The Pirates would win the next four matchups with the Knights to take an 8-1 lead, including a 52-38 beatdown in 2007 that had UCF winning 28-17 at halftime, give up 28 points and five turnovers in the third quarter alone and could not recover. In 2010, fortune turned the Knights’ way as they have won seven of the last nine matchups, including the last four to make the series 10-8 ECU.
The biggest win for UCF was the final game of the 2014 season. East Carolina was in their first season as members of the American Athletic Conference, a year after UCF joined the former Big East conference. In 2013, the Knights surprised the college football world by going 12-1 and winning the Fiesta Bowl in the AAC’s last season as a BCS auto-qualifying conference. The Pirates also had a good year in 2013, finishing second in C-USA East with ten wins and a Beef ‘O’ Brady’s Bowl win.
With only eleven members in the AAC that year and no conference championship game, the AAC was potentially stuck with having to share the championship among multiple teams. Memphis and Cincinnati were both 7-1, but Memphis had defeated the Bearcats earlier in the season to own the head-to-head tiebreaker. UCF, coming into the final week with a 6-1 conference record, didn’t play either Memphis or Cincinnati. The Knights’ lone blemish was a fluke loss to UConn earlier in the season. Memphis had lost to Houston while UCF had defeated the Cougars. As a result, a UCF win would create a shared championship scenario between the Knights, Memphis, and Cincinnati.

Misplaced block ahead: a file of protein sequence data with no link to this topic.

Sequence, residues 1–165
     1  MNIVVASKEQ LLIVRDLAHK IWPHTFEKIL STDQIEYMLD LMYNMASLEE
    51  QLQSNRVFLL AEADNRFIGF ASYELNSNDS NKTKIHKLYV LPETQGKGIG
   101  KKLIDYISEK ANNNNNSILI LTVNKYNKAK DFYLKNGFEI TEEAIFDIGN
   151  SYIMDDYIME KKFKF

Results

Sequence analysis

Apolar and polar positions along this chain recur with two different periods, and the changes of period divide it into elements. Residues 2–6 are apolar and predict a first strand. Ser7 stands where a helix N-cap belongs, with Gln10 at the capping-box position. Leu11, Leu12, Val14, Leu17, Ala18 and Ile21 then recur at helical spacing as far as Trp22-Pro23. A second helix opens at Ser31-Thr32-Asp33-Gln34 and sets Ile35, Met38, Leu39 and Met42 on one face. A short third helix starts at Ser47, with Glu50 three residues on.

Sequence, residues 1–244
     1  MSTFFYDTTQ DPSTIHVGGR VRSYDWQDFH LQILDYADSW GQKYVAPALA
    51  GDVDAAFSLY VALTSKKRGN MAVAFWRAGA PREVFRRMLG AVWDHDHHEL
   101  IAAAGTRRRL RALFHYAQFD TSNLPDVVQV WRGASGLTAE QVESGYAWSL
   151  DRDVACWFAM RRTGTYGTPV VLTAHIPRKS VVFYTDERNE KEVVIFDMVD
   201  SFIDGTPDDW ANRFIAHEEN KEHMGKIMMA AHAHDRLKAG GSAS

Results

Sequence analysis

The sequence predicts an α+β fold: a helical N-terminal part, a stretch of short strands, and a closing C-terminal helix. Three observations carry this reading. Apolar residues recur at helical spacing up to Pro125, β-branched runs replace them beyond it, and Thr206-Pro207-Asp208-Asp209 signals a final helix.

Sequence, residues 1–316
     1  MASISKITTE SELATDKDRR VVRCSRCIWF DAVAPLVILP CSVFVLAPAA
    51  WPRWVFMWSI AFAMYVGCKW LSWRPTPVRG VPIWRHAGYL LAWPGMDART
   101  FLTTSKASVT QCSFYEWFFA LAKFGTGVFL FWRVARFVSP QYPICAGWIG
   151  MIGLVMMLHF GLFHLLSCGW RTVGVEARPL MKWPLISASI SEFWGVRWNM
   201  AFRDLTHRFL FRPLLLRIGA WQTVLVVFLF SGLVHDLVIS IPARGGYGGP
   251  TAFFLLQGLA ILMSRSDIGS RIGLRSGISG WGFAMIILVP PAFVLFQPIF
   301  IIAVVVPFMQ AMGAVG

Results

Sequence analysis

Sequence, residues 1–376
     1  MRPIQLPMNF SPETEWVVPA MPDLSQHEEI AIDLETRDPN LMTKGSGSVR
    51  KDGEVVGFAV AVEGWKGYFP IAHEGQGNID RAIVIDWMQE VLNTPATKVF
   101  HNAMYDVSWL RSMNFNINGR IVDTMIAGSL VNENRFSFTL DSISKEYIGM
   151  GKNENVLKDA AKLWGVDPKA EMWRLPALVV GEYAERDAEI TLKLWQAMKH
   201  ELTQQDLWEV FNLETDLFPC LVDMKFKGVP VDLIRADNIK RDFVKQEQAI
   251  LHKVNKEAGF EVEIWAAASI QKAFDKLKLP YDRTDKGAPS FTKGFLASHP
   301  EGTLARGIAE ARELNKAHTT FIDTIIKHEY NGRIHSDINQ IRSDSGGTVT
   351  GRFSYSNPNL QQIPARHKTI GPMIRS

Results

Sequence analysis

Since that night, ECU was able to take advantage of a winless UCF in 2015, but have greatly struggled as a program, having a losing season every season since 2015. UCF has gone in the opposite direction from 2015, going from winless to being in a bowl in each of the last four seasons with the last three having more then ten wins.
There is another connection between the two schools. Ronald Dowdy, whose name is a part of ECU’s Dowdy-Ficklin Stadium, is an Orlando resident. He graduted from East Carolina in 1966, was commissioned as an Air Force officer, and was stationed at McCoy Air Force Base in Orlando before serving four tours in Vietnam. He donated $1 million in 1994 to the school for stadium renovations, which is how he got his name on the building. He later served on the school’s board of trustees and has done a lot for East Carolina and was inducted into their hall of fame in 2015.
On the flip side, Dowdy started working in real estate in Orlando when his military career ended in 1971. Over the 40 plus years of real estate, he worked with a variety of charitable organizations in Orlando. He also worked with Florida Citrus Sports, who run Camping World Stadium, the former home of UCF football. Dowdy has donated a lot of money to UCF, including moneys that helped launch the football program in 1979. He offered $2 million to buy naming rights to help convince Bright House Networks to outbid him. In 2015, Dowdy was inducted into the Central Florida Hospitality Hall of Fame. Oddly enough, Ron Dowdy isn’t the only person to have split loyalties with UCF and another American Athletic Conference school as Gary Bryant has strong ties to UCF and Memphis.
Despite the various ups and downs in the two programs, there is no doubt that there is bad blood between the two schools and it dates back to that one hit in 1993.